Canada Filipino youth condemn massacre of Kidapawan farmers

For immediate release
April 2, 2016

Rhea A. Gamana, Member, Preparatory Committee of Anakbayan-Canada
Sarah Salise, Chairperson, Anakbayan-Toronto
Tel: 647.281.0652; Email:

The national preparatory committee of Anakbayan-Canada strongly condemns the massacre of farmers and Lumads in Kidapawan City. In broad daylight on April 1st, the Philippine National Police (PNP) opened fire on unarmed protesters which resulted in at least two deaths, over 116 wounded, 78 illegally arrested, and 89 missing including women and children.

One of the strongest El Niño weather disturbances hit Southern Mindanao, Philippines caused severe damages and crop failure for farmers in the area. After a seven-month long wait for relief goods from the National Food Authority, more than 6,000 farmers and community members staged a camp out protest and barricaded along Cotabato-Davao Highway. While the farmers asked for the promised 15,000 sacks of rice, plus free vegetable seedlings and financial subsidies in the wake of El Niño, all they received were bullets.

This violent response by the police under the Aquino government reveals the continuing fascism in the Philippines that leaves many Filipinos landless and the farmers hungry.

“If we are for kapayapaan and we speak and fight for peace, what kind of peace are we talking about when the police and the Armed Forces of the Philippines are the ones sowing terror on the basic masses? What peace are we fighting for?” asks Jesson Reyes of Migrante Youth Ontario.

“Farmers ought to eat properly since they grow our food, but the rice they produce are exported anyway. Worse, they are met with violence when they complain,” says Carlos Ayam from Montreal.

Genuine agrarian reform, or to put an end to feudalism, will be a step closer for building national industries in the country and will serve the basic needs of the Filipino people. Concurrently, this will cause the downfall of bureaucratic capitalism and will help break foreign influence over the economy.

“I feel like overseas Filipinos don’t want to think about what’s happening in the motherland, yet there are still a number of people who expresses their concerns through social media,” adds Ayam.

In Canada, police brutality and state-sanctioned violence have been fought against by our communities. Black Lives Matter chapter in Toronto have been protesting outside the city’s police headquarters after the Special Investigations Unit refused to clear an unnamed Toronto officer in the shooting death of a 45-year-old black man who lived with mental illness, Andrew Loku. Instead, Toronto police met the protesters with force, shoving them down and destroying built up tents in front of the building.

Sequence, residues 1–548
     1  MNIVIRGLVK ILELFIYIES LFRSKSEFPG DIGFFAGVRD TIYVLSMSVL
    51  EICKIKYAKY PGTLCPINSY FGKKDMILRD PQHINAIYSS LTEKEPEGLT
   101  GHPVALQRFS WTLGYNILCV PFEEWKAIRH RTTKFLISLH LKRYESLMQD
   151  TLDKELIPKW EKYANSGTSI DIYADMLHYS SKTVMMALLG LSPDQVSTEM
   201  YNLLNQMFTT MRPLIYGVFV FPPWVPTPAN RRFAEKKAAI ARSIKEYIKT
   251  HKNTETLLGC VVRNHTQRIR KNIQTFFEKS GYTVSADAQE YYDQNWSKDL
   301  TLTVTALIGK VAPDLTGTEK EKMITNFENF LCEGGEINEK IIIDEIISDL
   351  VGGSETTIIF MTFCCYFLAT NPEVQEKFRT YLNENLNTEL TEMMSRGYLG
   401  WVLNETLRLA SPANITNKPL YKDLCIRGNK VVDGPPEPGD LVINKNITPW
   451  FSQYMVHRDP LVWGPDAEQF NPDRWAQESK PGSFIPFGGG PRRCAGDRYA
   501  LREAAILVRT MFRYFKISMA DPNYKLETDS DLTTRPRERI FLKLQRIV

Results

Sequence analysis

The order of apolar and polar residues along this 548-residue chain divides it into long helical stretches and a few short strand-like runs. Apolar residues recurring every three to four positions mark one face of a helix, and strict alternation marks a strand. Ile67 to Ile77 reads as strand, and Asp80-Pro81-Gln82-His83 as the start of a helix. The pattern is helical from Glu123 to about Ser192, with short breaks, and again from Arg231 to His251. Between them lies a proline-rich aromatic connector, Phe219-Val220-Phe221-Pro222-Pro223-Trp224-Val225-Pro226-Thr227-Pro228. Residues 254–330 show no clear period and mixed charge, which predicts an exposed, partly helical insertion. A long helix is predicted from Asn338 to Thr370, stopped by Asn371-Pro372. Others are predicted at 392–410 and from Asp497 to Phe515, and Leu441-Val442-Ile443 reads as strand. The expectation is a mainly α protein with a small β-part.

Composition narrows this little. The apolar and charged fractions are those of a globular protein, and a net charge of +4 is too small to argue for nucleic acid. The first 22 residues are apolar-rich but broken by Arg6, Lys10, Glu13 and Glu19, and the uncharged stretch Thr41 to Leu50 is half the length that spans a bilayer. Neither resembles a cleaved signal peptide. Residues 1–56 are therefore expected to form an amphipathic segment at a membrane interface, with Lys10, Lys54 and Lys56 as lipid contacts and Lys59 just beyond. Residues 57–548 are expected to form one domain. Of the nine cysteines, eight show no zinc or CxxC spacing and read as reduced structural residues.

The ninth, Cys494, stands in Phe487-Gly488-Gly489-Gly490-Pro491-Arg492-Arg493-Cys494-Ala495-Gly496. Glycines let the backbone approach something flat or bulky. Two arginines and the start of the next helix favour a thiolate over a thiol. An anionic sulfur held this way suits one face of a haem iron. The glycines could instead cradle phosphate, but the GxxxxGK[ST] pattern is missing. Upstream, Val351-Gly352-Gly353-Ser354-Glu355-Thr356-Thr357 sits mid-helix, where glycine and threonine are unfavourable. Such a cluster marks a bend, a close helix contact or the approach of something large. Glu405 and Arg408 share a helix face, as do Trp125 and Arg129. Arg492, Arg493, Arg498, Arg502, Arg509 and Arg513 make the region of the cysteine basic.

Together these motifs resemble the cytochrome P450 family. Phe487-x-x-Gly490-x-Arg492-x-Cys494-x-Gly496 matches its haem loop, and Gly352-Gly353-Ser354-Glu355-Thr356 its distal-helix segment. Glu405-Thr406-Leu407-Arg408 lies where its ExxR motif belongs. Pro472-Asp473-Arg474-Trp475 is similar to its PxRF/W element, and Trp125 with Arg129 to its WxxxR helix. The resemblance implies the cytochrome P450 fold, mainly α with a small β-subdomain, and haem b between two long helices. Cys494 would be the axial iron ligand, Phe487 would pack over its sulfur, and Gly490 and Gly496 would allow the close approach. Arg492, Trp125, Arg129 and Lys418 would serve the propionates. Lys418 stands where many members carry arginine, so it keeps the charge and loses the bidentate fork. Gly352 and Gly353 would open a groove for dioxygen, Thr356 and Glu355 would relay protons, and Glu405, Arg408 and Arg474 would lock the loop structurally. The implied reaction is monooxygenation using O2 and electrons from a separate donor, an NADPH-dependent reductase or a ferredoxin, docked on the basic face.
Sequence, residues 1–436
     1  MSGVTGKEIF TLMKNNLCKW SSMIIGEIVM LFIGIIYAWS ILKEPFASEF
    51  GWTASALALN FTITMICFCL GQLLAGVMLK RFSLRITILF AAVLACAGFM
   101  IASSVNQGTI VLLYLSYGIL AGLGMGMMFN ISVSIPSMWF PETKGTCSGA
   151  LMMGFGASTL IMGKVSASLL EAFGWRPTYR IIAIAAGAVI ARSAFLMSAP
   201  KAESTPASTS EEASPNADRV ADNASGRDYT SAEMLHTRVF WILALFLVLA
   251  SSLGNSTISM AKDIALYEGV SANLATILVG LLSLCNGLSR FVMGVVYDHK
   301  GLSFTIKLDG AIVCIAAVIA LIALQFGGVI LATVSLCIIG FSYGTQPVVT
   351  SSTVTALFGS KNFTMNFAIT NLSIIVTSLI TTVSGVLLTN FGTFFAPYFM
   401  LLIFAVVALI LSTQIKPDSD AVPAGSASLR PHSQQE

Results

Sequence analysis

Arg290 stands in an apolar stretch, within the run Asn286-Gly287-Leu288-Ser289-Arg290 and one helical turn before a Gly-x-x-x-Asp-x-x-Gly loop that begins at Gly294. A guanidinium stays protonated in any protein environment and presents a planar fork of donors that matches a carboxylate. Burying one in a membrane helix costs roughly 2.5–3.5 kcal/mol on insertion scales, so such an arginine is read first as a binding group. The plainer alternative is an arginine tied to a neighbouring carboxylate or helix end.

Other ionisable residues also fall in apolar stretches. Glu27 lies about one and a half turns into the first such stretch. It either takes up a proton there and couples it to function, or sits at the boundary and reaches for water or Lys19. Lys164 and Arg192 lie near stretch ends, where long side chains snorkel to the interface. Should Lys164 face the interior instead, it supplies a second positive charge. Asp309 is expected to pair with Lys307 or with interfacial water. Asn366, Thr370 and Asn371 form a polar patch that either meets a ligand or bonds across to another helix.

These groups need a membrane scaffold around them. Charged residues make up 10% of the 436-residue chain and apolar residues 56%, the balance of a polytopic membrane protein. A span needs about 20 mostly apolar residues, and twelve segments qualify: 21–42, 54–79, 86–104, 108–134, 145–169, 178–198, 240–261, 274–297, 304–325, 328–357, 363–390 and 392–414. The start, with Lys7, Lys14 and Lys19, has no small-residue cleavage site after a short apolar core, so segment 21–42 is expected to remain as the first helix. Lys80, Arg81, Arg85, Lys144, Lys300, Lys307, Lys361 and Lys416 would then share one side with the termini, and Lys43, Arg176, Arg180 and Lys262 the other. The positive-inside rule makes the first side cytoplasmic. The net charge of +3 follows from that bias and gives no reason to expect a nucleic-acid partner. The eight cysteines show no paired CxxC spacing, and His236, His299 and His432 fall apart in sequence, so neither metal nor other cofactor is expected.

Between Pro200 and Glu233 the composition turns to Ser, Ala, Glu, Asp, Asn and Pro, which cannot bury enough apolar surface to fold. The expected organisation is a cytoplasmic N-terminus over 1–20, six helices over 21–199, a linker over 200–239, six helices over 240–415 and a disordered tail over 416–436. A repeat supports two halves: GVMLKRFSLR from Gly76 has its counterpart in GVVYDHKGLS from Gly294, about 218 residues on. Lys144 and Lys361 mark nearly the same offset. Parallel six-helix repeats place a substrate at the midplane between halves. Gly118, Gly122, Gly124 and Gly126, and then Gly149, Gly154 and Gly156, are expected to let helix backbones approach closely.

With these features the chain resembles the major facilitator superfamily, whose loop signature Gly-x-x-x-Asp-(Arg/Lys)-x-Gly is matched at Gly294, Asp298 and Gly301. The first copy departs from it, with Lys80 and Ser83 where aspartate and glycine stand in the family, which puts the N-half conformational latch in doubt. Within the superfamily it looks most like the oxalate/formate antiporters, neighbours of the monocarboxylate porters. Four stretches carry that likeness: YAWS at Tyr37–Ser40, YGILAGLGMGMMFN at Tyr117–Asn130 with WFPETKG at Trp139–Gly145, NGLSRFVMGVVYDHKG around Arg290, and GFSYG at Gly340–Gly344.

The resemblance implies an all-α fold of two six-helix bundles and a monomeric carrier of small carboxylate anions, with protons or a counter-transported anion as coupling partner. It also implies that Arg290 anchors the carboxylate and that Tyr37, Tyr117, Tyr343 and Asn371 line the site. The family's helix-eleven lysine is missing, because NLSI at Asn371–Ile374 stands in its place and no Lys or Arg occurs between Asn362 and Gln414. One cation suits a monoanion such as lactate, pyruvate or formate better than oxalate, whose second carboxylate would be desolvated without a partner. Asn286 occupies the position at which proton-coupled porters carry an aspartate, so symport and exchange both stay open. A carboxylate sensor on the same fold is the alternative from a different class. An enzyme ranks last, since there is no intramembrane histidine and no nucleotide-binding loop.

Likewise, students at McMaster University in Hamilton, Ontario campaign for the removal of former chief of police, Glenn De Caire from his new position as Campus Director of Security and Parking. In his term as chief, De Caire spearheaded carding, the “practice whereby police arbitrarily detain people to collect information that is retained and stored in a police database indefinitely… (which) disproportionately affects marginalized community members.”

“I found that when targets of systemic violence—people of colour, the poor, women, queer people—unite and organize they frighten a lot of powerful people. Why?” quips Tinona of Ontario.

From Canada to the Philippines, the struggle over the livelihood and safety of the people against global capitalist rule through state repression are linked. We must meet this violence forced upon us together with our unity with other social forces. We enjoin the Filipino community worldwide in demanding food for our people, not bullets. Bugas, dili bala. Riz Pas des balles.

We call on Filipino-Canadian youth to condemn the state violence against the Philippine masses. We call on Filipino youth to fight for farmers’ rights and welfare and join the struggle for genuine democracy and liberation in the Philippines.

We hold the Aquino government, Kidapawan Mayor Joseph Evangelista, Governor Emmylou “Lala” Taliño-Mendoza, and the Philippine National Police accountable for the brutal repression for the Kidapawan farmers. For many years, the Aquino landlord clan has left a bloody legacy to farmers from Mendiola Massacre, Hacienda Luisita and today, the Kidapawan Massacre.

Justice for the victims of Kidapawan massacre! Justice for the victims of police brutality! Justice for the victims of state violence!###


Thousands of farmers from the towns of North Cotabato staged a picket along the highway to demand the immediate release of rice and calamity funds after suffering five long months from drought and El Niño. (photo courtesy of Kilab Multimedia)

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